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Eligibility

Your eligibility depends on:

  • if you are working
  • your income (and your partner’s income, if you have one)
  • your child’s age and circumstances
  • your immigration status

You can get 30 hours free childcare at the same time as claiming Universal Credit, tax credits, childcare vouchers or Tax-Free Childcare.

If you are working

You can usually get 30 hours free childcare if you (and your partner, if you have one) are:

  • in work
  • on sick leave or annual leave
  • on shared parental, maternity, paternity or adoption leave

If you’re on adoption leave for a child aged 3 to 4 years old, you must return to work within 31 days of the date you first apply for 30 hours free childcare for that child.

If your working pattern has changed because of coronavirus (COVID-19)

You may still be eligible for 30 hours free childcare if you’re temporarily working less and either:

  • you’re on furlough through the Coronavirus Job Retention Scheme
  • you’re claiming a Self Employment Income Support Scheme grant

If you are not currently working

You may still be eligible if your partner is working, and you get Incapacity Benefit, Severe Disablement Allowance, Carer’s Allowance or contribution-based Employment and Support Allowance.

You can apply if you’re starting or re-starting work within the next 31 days.

Your income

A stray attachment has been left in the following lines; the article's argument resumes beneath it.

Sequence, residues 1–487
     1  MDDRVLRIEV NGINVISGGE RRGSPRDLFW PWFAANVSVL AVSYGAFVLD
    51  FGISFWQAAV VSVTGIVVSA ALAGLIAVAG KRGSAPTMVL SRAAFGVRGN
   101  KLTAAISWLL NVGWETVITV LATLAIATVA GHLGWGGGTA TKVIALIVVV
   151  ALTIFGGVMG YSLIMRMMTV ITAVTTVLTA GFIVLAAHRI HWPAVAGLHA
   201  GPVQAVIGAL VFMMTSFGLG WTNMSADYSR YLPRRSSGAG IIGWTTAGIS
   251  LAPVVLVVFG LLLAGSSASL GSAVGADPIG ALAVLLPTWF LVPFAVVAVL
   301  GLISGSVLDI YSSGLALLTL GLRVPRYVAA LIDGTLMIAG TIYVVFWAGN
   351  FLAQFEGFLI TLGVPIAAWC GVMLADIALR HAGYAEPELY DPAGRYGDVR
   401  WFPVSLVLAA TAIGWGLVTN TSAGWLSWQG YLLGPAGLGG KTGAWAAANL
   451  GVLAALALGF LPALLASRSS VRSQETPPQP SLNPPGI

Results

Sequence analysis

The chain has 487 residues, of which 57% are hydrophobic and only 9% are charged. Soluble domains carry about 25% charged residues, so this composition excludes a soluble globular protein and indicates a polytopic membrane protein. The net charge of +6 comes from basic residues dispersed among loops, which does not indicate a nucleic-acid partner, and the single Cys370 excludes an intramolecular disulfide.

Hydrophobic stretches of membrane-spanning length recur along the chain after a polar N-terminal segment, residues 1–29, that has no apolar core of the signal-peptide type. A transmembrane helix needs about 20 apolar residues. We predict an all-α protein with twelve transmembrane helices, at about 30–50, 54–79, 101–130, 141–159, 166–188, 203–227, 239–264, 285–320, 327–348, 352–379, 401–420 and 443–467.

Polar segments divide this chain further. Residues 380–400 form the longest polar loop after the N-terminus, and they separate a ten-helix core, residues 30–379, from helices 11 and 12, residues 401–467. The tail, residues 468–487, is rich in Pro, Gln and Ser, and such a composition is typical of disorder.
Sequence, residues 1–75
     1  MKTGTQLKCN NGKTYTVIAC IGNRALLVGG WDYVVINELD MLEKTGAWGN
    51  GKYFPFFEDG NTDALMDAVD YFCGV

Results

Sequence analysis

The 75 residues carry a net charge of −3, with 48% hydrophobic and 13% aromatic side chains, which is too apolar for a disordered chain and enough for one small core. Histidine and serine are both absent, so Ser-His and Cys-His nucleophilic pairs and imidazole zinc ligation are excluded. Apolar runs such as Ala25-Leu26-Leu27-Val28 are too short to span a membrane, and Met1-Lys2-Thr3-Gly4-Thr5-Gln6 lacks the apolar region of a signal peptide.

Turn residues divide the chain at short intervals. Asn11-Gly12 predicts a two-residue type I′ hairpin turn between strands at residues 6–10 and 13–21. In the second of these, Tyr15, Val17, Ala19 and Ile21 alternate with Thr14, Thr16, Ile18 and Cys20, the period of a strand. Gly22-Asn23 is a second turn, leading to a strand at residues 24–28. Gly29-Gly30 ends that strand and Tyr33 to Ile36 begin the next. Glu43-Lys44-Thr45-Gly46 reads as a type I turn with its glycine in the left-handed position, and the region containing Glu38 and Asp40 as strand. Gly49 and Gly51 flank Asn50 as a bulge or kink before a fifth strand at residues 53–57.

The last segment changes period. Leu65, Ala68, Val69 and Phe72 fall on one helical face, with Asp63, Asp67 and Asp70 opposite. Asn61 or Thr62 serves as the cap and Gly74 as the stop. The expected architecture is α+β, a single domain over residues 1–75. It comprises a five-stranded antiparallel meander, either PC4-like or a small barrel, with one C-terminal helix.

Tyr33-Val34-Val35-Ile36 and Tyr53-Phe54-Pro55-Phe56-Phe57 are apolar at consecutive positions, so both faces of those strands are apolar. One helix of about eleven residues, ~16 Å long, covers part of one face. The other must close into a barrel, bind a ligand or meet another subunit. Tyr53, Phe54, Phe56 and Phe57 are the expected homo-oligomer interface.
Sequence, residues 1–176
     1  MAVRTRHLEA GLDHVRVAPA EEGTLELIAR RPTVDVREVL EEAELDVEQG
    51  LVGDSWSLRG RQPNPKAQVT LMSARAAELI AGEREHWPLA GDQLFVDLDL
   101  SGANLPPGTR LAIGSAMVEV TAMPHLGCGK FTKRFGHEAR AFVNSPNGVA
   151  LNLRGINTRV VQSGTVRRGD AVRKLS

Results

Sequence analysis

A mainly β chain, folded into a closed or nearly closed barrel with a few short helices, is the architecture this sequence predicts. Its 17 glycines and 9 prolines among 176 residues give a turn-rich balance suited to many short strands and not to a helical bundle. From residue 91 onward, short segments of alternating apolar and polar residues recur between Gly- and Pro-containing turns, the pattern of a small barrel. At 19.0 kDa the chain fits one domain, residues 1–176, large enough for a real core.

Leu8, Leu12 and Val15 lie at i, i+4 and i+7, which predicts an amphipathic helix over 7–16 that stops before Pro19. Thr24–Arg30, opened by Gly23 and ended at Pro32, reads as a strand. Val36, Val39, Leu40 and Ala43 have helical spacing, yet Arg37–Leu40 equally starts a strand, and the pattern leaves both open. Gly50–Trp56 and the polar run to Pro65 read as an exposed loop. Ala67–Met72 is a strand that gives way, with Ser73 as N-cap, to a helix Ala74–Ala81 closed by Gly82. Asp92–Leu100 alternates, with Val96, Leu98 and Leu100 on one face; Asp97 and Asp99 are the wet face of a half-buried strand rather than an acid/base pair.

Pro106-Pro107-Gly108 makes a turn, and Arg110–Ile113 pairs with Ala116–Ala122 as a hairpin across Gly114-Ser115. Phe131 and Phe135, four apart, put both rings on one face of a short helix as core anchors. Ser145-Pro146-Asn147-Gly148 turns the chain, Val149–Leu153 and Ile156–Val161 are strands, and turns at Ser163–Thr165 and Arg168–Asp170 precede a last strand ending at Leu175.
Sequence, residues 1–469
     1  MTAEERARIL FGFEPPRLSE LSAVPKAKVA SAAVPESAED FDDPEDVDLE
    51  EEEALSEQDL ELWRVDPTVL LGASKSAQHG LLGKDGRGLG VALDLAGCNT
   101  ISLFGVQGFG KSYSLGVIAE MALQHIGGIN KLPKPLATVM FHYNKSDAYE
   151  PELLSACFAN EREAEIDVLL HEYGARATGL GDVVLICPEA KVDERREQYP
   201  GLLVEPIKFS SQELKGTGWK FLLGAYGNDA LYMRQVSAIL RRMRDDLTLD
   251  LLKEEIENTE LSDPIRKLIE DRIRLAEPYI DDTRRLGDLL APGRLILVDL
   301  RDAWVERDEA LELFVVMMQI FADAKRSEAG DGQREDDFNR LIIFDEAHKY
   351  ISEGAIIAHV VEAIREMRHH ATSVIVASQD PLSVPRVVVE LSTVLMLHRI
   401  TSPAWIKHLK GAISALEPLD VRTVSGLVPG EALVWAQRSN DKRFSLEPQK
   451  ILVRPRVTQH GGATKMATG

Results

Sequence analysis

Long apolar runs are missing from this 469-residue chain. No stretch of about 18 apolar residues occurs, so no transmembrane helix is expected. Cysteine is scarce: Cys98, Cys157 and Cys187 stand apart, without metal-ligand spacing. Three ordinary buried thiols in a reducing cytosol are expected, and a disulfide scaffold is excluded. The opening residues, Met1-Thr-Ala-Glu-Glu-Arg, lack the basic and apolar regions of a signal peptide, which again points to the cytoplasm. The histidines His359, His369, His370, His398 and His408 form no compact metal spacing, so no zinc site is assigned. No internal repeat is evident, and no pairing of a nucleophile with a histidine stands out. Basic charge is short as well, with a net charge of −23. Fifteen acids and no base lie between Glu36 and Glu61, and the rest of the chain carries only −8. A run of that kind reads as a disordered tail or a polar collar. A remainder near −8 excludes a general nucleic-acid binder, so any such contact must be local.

You’ll need to expect to earn a certain amount over the next 3 months. This is at least the National Minimum Wage or Living Wage for 16 hours a week on average.

For example, over the next 3 months you expect to earn at least £1,813.76 - the National Living Wage for people over 25.

If you have a partner, they’ll need to expect to earn at least this much too.

If you or your partner are temporarily earning less than this amount because of coronavirus, you may still be eligible. You must be furloughed through the Coronavirus Job Retention Scheme or claiming a Self Employment Income Support Scheme grant to qualify.

If you’re self-employed and do not expect to make enough profit in the next 3 months, you can use an average of how much you expect to make over the current tax year.

This earnings limit does not apply if you’re self-employed and started your business less than 12 months ago.

If you or your partner have an expected ‘adjusted net income’ over £100,000 in the current tax year you will not be eligible. This includes any bonuses you expect to get.

You or your partner can earn up to £150,000 in the current tax year and still be eligible if you’re a critical worker and have worked extra hours because of coronavirus.

Your adjusted net income is your total taxable income before any personal allowances and minus things like Gift Aid.

 

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